The history of French publishing can be traced back to the 16th century, with the establishment of printing presses in Paris, Lyon, and other major cities. The first book to be printed in France was a Latin translation of the Bible, printed in 1476 in the city of Toulouse. In the following decades, French publishing houses began to produce works of literature, philosophy, and science. The 17th and 18th centuries were a golden age for French publishing, with the rise of the Enlightenment and the publication of classic works such as Voltaire's Candide and Montesquieu's The Spirit of the Laws.
In the 19th century, the French publishing industry continued to thrive, with the establishment of major publishing houses such as Hachette, Gallimard, and Flammarion. These publishers played a key role in shaping French literature, promoting the works of authors such as Victor Hugo, Gustave Flaubert, and Emile Zola.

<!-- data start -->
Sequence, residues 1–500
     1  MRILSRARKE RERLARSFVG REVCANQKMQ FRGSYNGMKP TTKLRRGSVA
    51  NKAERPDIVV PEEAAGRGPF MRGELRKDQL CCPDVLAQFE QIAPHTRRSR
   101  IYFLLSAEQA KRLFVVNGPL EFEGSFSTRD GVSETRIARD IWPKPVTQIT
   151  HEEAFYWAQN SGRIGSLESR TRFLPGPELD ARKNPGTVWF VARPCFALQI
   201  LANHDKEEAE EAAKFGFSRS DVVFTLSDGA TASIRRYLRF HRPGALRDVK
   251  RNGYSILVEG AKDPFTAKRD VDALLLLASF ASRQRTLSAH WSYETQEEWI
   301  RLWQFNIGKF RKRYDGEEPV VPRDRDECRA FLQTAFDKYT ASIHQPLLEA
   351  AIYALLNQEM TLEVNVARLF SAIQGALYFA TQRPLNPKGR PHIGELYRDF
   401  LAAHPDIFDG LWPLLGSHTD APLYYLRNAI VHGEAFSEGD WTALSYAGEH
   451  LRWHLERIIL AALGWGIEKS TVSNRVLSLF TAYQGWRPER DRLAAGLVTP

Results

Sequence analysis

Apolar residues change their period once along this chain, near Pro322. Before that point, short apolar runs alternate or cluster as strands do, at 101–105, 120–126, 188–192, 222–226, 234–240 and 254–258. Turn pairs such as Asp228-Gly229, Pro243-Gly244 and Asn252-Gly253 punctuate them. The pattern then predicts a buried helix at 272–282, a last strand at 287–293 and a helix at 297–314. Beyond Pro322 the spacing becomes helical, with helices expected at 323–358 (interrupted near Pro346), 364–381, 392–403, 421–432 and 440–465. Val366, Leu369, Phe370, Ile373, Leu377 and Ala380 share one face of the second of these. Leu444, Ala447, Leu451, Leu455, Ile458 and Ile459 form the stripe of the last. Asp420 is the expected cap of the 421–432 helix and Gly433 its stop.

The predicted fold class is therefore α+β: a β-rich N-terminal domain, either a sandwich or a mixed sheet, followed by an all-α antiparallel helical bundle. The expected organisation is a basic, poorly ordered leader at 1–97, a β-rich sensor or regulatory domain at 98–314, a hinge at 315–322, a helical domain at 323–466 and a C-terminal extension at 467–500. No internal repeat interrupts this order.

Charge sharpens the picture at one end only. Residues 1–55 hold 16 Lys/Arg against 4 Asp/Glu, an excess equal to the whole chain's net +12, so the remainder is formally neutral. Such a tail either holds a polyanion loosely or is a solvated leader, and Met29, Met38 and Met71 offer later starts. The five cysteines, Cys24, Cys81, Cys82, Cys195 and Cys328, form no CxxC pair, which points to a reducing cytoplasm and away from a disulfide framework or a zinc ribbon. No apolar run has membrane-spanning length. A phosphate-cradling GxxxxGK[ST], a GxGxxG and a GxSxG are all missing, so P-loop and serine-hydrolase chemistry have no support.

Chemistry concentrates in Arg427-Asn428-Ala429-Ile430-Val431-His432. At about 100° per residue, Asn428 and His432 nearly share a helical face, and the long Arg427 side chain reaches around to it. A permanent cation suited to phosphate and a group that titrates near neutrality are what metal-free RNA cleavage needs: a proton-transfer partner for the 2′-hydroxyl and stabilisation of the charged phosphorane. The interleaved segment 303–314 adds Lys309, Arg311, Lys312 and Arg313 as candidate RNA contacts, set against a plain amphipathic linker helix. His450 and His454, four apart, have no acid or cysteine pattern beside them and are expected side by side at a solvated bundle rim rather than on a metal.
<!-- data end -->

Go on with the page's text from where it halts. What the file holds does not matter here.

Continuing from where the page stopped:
The 20th century saw the emergence of new literary movements, including surrealism and existentialism, and the rise of French publishing as a major force in the global book market. Today, French publishers continue to produce a wide range of literature, from best-selling novels to academic works and scholarly journals. The French publishing industry remains an important cultural institution, fostering the exchange of ideas and promoting the diversity of voices in literature.
This review will take a deep dive into one of the aforementioned heavyweights of French Publishing, Hachette, as we delve into their backstory, how they operate today and ultimately if they should be considered by writers seeking to have their work published.